The Obstacles To Bike Commuting And Some Ideas On What To Do About Them

Lisa Williams

I found Tom's recent mail regarding the obstacles to bicycle commuting, and everyone's responses to them, very compelling. They were all the more compelling to me when I thought about how unnecessary, and unjust these obstacles are. What possible logical or moral reason can there be to deny anyone the freedom to commute to work by bike? And what, if anything, do companies gain by demoralizing their best employees in such a fashion? In otherwords, WHY NOT have racks? WHY NOT give people a place to change and store clothes? It's not just good karma, it's good business, for crying out loud!

Thinking about it further, I tried to formulate a list of the basic factors that keep bike commuting a challenge and some ideas about what to do about it. Bike commuting today is a decision that involves a major commitment and a leap of faith, and a corresponding amount of ingenuity and dedication to keep it working, rather than "just another transportation option that I can choose if I wish, that has upsides and downsides just like the car or the bus or the carpool." Why?

In my view, the obstacles to bike commuting that every commuter has to deal with at one point or another in their career are as follows (the order does not indicate order of importance):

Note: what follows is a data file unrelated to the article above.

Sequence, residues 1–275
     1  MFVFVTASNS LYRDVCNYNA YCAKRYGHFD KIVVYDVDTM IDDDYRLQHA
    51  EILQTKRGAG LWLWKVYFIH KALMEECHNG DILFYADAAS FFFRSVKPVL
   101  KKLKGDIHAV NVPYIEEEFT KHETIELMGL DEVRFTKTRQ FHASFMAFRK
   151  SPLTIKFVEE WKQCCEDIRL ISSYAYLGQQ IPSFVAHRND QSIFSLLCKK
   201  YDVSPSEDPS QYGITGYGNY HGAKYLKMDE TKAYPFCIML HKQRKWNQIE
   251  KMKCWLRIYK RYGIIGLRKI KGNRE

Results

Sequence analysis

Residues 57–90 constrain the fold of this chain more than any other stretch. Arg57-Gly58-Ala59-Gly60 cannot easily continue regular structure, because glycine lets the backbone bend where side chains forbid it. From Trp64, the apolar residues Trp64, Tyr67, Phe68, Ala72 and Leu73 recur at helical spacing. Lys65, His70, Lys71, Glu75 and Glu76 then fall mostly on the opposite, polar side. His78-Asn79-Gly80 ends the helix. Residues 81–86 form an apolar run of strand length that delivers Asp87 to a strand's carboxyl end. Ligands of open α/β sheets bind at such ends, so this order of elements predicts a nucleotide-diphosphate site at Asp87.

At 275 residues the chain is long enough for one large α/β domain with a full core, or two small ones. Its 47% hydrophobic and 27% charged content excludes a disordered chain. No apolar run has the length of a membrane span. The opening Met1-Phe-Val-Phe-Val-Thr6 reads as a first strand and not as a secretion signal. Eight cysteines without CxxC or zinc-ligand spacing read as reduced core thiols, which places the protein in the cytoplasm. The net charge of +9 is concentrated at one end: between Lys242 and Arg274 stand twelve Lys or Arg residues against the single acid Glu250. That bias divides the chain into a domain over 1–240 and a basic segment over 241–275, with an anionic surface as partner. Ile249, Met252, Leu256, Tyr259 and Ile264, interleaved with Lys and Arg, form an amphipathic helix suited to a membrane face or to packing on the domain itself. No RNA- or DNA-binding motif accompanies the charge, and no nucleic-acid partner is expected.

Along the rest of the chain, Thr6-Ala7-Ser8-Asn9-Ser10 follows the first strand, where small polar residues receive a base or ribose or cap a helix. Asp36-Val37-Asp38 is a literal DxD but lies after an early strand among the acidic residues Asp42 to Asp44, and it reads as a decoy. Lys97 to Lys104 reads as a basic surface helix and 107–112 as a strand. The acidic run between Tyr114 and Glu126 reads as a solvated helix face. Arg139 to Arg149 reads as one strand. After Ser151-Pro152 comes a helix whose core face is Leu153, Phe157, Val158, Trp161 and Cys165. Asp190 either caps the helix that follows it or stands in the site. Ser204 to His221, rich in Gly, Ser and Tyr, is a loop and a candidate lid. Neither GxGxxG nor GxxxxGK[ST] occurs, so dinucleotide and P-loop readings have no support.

1. Roadway unfriendliness (bad road design)
2. Lack of intermodal transit.
3. Lack of education.
4. No place safe to put a bike.
5. No place at work to clean up and store clothes, or workplace disapproval.

Two of these are state issues (roadway design, and public transit) , three are not.

(We would like education to be, but we have to face the fact that today the state is not providing these services, and if we want them provided we must step up to the plate ourselves, while working (with? On?) the state to see the importance of offering these services).

However, I contend that even if we achieved Nirvana on 1 & 2, most people would still not commute until they had 3, 4, and 5. People will tell you they don't commute by bike because they feel unsafe on the road from a combination of lack of education and bad roadway design. Those who do ride now and again are too often discouraged by a lack of a place to put their bike. They won't tell you that they don't commute because they fear being sweaty or unkempt. That doesn't mean it isn't a real motivator in keeping them in their car. They are professionals with professional standards, and they want to be up to snuff every morning, which for many people includes some aspects of personal grooming.

Work on 1&2 -- roadway design and mass transit, are things that MassBike has been working on for years and will continue to be core to the organization, just because there is so much more yet to be done. (Past achievements include issuance of a statewide bicycle transportation plan, and the Bikes on the T program among many others). Paul Schimek of the MassBike board is also on the case around education, in particular, offering Effective Cycling classes as he has for many, many moons.

However, tackling 4 and 5 require advocacy in the commercial world to create bike-friendly buildings and bike-friendly workplaces.

So: What about advocacy programs that address "commercial" or, at least, not directly governmental issues? MassBike is considering several examples of direct member services programs in these areas, to

1. The MassBike Stop Bike Theft Kit